Fluoroquinolones and third-generation cephalosporins are particularly prone to select bacterial resistance to antibiotics. We aimed to assess the temporal trends of antibiotic use in the emergency department adults unit of an academic hospital between 2002 and 2012. Antibiotic use was converted in defined daily doses (DDD). The total antibiotic consumption tended to decrease, from 53.1±8.5 to 48.6±11.9 DDD/1000 patient visits (estimate decrease per year, −0.9±0.5 DDD/1000 visits, P=0.07). Use of third-generation cephalosporins increased significantly, from 9.7% of total antibiotic use to 22.6% (estimate per year, 1.2±0.2%, P<0.0001), whereas use of fluoroquinolones decreased from 19.5 to 12.3% (estimate per year, −0.7±0.2%, P<0.003). Given their ability to select bacterial resistance, especially extended-spectrum β-lactamases, particular attention should be paid to increasing use of third-generation cephalosporins in the emergency department.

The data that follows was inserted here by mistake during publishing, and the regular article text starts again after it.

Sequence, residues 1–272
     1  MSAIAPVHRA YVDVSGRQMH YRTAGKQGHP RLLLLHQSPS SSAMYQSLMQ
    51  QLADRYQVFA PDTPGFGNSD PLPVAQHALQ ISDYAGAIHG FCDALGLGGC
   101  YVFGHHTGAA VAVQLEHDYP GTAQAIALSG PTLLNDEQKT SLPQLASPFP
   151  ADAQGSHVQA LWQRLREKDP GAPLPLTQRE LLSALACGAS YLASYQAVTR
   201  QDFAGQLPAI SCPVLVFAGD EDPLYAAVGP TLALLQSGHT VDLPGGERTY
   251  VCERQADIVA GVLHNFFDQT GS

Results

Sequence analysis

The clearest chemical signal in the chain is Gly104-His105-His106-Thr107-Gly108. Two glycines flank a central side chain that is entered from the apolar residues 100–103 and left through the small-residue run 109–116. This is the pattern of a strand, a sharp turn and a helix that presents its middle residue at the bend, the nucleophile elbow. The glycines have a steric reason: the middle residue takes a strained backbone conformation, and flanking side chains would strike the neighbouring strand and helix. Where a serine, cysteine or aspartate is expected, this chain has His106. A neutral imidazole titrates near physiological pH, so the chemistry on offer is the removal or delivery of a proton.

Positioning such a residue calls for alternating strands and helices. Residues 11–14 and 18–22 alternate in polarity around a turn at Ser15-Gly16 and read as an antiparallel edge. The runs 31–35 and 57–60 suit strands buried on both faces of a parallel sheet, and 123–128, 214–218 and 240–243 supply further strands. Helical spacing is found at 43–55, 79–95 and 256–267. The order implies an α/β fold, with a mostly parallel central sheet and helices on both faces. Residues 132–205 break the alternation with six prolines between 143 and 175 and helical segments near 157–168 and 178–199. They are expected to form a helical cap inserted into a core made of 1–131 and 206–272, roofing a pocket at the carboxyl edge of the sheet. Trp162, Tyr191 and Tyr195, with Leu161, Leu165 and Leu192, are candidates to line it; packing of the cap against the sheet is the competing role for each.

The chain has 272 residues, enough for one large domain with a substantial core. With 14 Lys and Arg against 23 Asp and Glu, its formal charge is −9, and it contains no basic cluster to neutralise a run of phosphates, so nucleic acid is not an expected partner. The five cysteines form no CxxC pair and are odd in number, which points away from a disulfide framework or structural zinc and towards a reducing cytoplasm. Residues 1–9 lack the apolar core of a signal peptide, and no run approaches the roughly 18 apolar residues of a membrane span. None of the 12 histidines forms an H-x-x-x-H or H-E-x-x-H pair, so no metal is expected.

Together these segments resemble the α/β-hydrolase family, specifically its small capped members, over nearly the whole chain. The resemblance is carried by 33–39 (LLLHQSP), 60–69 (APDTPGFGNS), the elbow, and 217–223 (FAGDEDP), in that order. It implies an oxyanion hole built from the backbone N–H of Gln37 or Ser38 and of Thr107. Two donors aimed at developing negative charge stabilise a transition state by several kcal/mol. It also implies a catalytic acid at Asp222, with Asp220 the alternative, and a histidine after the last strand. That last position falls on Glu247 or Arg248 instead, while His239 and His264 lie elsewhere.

aLaboratory EA3826 Therapeutiques cliniques et experimentales des infections
bLaboratory EA3826 4275 Biostatistique recherche clinique et mesures subjectives en sante, Faculty of Medicine, University of Nantes
cNantes University Hospital, Microbiology Laboratory
dNantes University Hospital, Emergency Department, Nantes, France
Correspondence to Eric Batard, MD, PhD, Laboratory EA3826 Therapeutiques cliniques et experimentales des infections, Faculty of Medicine, 1 rue Gaston-Veil, Nantes F-44000, France Tel/fax: +33 240 412 854; e-mail: firstname.lastname@example.org
Received September 14, 2013
Accepted January 7, 2014